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Semin Nephrol. 2001 Mar;21(2):157-72.

Pathogenesis and management of sodium and water retention in cardiac failure and cirrhosis.

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Department of Medicine, University of Colorado Health Sciences Center, Denver, CO, USA.


The kidneys play the crucial role in the maintenance of the body fluid volume homeostasis. Several hypotheses have been introduced to explain sodium and water retention leading to edematous states in such pathologic conditions as congestive heart failure (CHF) and cirrhosis. We have suggested a unifying arterial underfilling hypothesis, explaining the development of edema in these conditions. Arterial underfilling, caused by decreased cardiac output or peripheral arterial vasodilation, leads to activation of the sympathetic nervous system, renin-angiotensin-aldosterone system, and nonosmotic vasopressin release. This review discusses the pathophysiologic mechanisms resulting in renal sodium and water retention, impaired mineralocorticoid escape, and resistance to atrial natriuretic peptide in patients with CHF and cirrhosis. Furthermore, the basis of current therapies in these disorders is discussed, including beta-blockers, angiotensin-converting enzyme inhibitors, angiotensin-receptor blockers, aldosterone antagonists, and diuretics in CHF and cirrhosis, as well as new approaches to treatment of water retention with vasopressin V(2) receptor antagonists.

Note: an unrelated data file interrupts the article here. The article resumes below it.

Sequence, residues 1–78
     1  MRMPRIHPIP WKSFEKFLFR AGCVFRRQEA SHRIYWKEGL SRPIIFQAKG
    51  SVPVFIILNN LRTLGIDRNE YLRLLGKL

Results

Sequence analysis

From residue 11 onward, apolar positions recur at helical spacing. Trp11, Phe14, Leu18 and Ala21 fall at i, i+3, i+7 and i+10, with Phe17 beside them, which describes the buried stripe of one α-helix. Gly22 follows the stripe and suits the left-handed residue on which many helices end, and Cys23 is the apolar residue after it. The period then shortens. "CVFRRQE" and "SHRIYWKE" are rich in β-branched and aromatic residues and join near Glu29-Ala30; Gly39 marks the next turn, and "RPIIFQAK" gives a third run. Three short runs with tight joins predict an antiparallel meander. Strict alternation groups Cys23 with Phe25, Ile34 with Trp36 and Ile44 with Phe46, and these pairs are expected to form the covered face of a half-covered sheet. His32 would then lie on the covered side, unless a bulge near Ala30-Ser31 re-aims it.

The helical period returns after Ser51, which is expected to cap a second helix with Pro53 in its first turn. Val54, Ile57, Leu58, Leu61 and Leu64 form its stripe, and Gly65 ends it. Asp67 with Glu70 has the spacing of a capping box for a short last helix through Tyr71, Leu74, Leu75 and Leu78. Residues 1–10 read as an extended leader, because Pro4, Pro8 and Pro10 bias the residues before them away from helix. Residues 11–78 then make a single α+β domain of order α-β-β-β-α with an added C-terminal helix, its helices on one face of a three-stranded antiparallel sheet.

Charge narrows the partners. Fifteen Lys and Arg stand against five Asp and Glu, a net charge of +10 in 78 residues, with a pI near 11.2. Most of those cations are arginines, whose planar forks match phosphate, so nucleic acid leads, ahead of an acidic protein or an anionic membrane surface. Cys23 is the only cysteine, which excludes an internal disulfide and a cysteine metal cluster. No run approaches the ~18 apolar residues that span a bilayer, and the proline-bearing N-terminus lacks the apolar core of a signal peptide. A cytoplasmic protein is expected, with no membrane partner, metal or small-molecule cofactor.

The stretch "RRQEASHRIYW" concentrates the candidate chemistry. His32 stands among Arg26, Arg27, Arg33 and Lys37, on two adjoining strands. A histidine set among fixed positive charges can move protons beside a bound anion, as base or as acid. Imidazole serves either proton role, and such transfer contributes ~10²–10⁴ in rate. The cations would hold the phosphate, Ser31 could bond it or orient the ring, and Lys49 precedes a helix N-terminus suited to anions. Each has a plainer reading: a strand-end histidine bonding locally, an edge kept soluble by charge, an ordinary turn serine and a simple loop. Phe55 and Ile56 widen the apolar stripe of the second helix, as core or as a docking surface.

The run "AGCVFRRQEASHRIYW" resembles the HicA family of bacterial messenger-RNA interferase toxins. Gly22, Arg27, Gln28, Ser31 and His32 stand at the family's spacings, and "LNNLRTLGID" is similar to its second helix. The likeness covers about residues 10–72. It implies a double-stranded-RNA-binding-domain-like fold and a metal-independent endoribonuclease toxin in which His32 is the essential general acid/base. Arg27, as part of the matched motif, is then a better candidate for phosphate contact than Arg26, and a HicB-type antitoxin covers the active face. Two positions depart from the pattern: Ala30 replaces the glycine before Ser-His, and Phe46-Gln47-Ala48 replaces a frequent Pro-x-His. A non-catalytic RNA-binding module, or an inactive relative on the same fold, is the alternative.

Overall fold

[Indexed for MEDLINE]

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